Nigel Collins
Nigel Collins
2 months ago
Reply to  Nigel Collins

I think Poland smelt the coffee and made a very wise choice to partner with South Korea.

Enobob
Enobob
2 months ago
Reply to  Nigel Collins

Apart from all the partnering that it has done with UK defence companies…

Robert Blay
Robert Blay
2 months ago
Reply to  Nigel Collins

And both nations have ordered F35. Wise choice, wouldn’t you agree.

Last edited 2 months ago by Robert Blay
Nigel Collins
Nigel Collins
2 months ago
Reply to  Nigel Collins

It’s about time one or two others woke up and smelt the coffee too. Meteor/Spear 3 by the end of 2030 and the engines required for TR3/Block 4 sometime in the 2030s. I won’t mention where we can expect to be in the queue for the engine upgrade or the additional costs involved. “The Lockheed Martin F-35B Lightning should receive additional UK-specific weapons “by the end of the decade”, the government said on 16 January. Answering questions in the House of Commons, Minister of State at the Ministry of Defence (MoD) James Cartlidge said that, with the MBDA AIM-132 Advanced… Read more »

Graham Moore
Graham Moore
2 months ago
Reply to  maurice10

Conscription is just for world wars. There was an unusual reason why we had conscription from 1945 to 1960 – we were dismantling the Empire and temporarily needed a large army – we were not engaged in warfighting a large peer opponent.

Don’t need conscription now – we need well resourced regular and reserve forces financed by an up-to-5% of GDP Defence Vote.

maurice10
maurice10
2 months ago
Reply to  Graham Moore

What is required is an intelligent debate on how to boost men/women power within our forces, which appeals and at the same time is a constructive process. The public school system has actively trained students in the ethos of military life and this concept could be broadened into other tiers of education? This would help students to consider a period of enlistment that could be under TA tutorship. Such a scheme would require funding but avoid the stigma of conscription. On another subject Graham, that CH3 turret looks considerably boxer and deeper than the current design. In terms of profile… Read more »

Graham Moore
Graham Moore
2 months ago
Reply to  maurice10

The cadet movement has also instilled young people with the ethos of military life. Certainly need an intelligent debate as you suggest – but very quickly! TA? Not Territorial Army, surely? Since 2014, now called the Army Reserve (AR). CR3 turret – if deeper then it would be to accomodate the very long (1m) single piece 120mm smoothbore round in the ready round magazine in the turret bustle. Boxier than CR2 turret? – I don’t think there is much in it. Profile – one of the most key metrics is frontal profile when in hull-down defensive position (turret width and… Read more »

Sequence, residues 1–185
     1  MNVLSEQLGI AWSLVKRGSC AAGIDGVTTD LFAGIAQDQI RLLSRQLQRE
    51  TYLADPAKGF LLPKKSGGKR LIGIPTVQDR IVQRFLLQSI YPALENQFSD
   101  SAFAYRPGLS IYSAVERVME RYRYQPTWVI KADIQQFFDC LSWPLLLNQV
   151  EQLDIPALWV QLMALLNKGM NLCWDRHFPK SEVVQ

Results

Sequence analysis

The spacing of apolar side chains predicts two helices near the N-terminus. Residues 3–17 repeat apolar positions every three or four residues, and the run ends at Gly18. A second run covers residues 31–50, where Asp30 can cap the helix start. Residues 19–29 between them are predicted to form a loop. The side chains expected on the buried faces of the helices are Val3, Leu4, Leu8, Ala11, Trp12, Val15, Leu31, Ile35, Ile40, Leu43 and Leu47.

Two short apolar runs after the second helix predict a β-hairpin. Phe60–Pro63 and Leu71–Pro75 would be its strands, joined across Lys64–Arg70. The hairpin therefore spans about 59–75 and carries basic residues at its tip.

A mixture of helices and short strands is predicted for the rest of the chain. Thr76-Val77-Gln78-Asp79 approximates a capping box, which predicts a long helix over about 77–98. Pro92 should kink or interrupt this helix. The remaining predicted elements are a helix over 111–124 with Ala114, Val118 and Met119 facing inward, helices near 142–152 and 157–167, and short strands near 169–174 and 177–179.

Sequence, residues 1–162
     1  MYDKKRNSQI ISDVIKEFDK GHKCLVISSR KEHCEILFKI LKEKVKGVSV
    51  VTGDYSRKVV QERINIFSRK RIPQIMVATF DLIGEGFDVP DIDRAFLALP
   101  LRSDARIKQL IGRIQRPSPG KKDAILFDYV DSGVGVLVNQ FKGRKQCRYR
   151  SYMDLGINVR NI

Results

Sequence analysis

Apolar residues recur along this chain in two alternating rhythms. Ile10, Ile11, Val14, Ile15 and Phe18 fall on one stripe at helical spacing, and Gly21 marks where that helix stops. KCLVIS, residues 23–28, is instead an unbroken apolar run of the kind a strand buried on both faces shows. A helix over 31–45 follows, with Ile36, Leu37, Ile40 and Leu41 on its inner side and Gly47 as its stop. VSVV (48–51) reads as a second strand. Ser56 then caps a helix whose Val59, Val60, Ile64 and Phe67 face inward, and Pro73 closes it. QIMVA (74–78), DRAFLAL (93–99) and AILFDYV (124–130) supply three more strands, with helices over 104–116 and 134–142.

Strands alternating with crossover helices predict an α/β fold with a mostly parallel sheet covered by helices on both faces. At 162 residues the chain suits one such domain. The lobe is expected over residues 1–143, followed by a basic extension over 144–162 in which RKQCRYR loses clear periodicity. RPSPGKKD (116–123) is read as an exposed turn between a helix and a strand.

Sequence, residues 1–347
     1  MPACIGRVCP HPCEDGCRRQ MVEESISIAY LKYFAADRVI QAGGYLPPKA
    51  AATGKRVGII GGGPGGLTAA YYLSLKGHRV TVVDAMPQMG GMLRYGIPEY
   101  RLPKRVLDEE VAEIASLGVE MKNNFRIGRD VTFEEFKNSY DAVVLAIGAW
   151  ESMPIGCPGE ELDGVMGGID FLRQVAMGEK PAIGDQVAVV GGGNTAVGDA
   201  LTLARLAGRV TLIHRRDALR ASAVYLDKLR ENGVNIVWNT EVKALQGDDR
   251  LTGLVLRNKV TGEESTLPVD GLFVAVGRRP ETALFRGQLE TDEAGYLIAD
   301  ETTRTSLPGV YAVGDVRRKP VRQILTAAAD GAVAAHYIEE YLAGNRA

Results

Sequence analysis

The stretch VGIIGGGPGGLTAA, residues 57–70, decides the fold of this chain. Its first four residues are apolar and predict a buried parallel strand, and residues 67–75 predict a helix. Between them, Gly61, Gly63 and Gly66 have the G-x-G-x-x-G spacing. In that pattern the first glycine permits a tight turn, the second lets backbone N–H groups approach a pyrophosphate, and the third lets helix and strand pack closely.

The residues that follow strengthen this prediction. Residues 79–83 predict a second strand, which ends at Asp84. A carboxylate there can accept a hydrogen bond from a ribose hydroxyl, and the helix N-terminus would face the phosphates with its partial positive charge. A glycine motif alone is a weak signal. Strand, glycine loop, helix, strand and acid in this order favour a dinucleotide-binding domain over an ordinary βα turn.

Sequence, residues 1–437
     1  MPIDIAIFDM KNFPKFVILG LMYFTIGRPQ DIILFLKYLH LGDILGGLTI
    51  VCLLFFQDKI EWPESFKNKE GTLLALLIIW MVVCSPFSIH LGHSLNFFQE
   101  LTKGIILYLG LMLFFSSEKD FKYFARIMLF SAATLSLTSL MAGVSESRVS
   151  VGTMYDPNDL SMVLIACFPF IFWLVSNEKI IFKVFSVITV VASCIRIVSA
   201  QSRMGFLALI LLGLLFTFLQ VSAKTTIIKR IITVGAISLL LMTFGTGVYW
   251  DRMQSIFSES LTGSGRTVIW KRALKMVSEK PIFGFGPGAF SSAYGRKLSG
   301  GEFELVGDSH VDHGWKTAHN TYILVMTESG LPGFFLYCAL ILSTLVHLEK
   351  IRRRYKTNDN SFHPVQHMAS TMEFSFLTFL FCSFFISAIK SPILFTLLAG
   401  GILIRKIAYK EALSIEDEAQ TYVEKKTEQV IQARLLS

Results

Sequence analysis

maurice10
maurice10
2 months ago
Reply to  Graham Moore

Thanks,🙂

AlexS
AlexS
2 months ago
Reply to  Nigel Collins

Nothing of that is new.

Nigel Collins
Nigel Collins
2 months ago
Reply to  AlexS

I know, but someone on here clearly doesn’t.

Andrew Thorne
Andrew Thorne
2 months ago

The problem is our politicians prioritize the nosiest set of left wing activists instead of doing what’s best for the UK overall. Thus we get obscene spending on non-essentials.

Jonathan
Jonathan
2 months ago
Reply to  Andrew Thorne

The shite state of our military has nothing to do with left wing activists and everything to do with the last 5 conservative priministers..let’s put the blame where the blame lays and not with random scapegoats who have zero power or influence on those who had the power.

Last edited 2 months ago by Jonathan
AlexS
AlexS
2 months ago
Reply to  Jonathan

I disagree totally. The culture of the country is leftist and extreme leftist in Media, Academia, Arts, basically the Priesthood class. The Media can support a rebellion with violence tomorrow. They certainly supported BLM protests in USA and its +20 deaths of political violence. Tories are impotent to do anything against the sacred cows that get more money from taxes. I find it bizarre how someone can say the Tories are giving money to their friends when the armed forces and the industrial base of it tend to go Tory more than the rest of the country and have been… Read more »

Jonathan
Jonathan
2 months ago
Reply to  AlexS

the reality is those in power decided what to spend money on and we have had a conservative government for 14 years…do you actually think anyone would have cared a jot if they had spent 2.5% on defence or ordered the T26 five years earlier…or upgraded the challenger two..upgraded warrior etc..these were all choices the conservative government made no one else and to blame anyone other than those in power who made the decisions is quite frankly a bit bizarre…their voter base would have still voted for them..they would not have been tossed out of power…the Conservative Party could not… Read more »

SATT44
SATT44
2 months ago
Reply to  Andrew Thorne

This is so far removed from reality that it’s funny. The current gov is gutting the public purse and handing it out to their mates before they inevitably lose leaving the burning wreckage for someone else to pick up. Austerity set us on this current path. The 2010 review into the armed forces has put us in such a crap position add in any extra issues across 14 years and you get what you deserve.